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Press Review


“Aravot” shrugs off Foreign Minister Vartan Oskanian’s Wednesday remark that the Armenian opposition, not the government, is to blame for Armenia’s worsened democratic image abroad. The paper says Oskanian thereby implied that Armenians must allow their rulers to rig elections and stifle dissent without any qualms.

“168 Zham” scrutinizes the resumes of senior Armenian parliamentarians and other officials, saying that many of them claim to have received higher education and scientific degrees only recently. That is, after entering government and/or becoming rich. Oligarch Gagik Tsarukian, for example, is shown in a parliament directory as having graduated from Yerevan’s State Institute of Physical Culture at the age of 33. Another wealthy parliamentarian, Samvel Aleksanian (aka Lfik Samo), was 34 when he received a graduate diploma from the State Agricultural Academy. Two other lawmakers with equally notorious nicknames also graduated from the same university in recent years.

According to “Haykakan Zhamanak,” the former director of Armenia’s National Security Service, Karlos Petrosian, was sacked last month not because of a scandal involving his reputedly unruly son, as rumors suggested. Petrosian’s son is no worse than the offspring of many other high-level officials, says the paper. It claims that Petrosian was fired because he regularly briefed Russian intelligence officials on the political situation in Armenia and its possible developments and promised Moscow “to carry out lobbying in favor of one of the scenarios.”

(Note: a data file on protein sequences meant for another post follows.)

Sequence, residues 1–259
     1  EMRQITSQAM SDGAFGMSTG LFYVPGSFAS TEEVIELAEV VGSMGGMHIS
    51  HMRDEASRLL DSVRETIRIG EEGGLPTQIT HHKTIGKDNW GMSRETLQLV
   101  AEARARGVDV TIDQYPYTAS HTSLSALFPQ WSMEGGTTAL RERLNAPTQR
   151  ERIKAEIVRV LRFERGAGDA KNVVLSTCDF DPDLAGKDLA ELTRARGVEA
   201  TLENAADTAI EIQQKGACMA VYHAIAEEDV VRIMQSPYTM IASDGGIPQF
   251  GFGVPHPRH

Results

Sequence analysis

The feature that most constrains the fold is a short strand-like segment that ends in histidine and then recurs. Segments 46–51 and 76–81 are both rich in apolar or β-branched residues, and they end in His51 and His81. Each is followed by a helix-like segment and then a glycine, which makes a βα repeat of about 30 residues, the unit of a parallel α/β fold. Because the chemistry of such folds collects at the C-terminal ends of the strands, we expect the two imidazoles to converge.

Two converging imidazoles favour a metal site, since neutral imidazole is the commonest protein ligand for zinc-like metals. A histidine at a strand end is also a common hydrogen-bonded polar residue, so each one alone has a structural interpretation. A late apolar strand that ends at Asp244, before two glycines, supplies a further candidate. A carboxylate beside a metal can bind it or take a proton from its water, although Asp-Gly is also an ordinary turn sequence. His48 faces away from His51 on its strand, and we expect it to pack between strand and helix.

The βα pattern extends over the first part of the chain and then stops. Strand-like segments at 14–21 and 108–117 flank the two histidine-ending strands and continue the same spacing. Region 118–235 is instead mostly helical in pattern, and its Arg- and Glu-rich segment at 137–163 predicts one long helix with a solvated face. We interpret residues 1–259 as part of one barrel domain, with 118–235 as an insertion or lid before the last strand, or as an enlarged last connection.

“One of the main players in that scenario is the leader of the Nor Zhamanakner party, Aram Karapetian,” adds “Haykakan Zhamanak” without elaborating. “Robert Kocharian and Serzh Sarkisian took this as a treason.”

In an interview with “Hayots Ashkhar,” Kocharian’s national security adviser, Garnik Isagulian, comments on assurances by the entourage of Levon Ter-Petrosian that a 1997 peace plan advocated by Armenia’s former president would not have put Nagorno-Karabakh under Azerbaijani control. Isagulian says they must also prove that the plan would formalize Karabakh’s de facto secession from Azerbaijan. “It is because of politicians with such mentality that we failed during our history to get a political cover for our victories,” says the retired ex-KGB officer. “For there always popped up individuals and forces that were prepared for unfounded concessions and were forcing the people to choose between the bad and the worst.”

(Vache Sarkisian)
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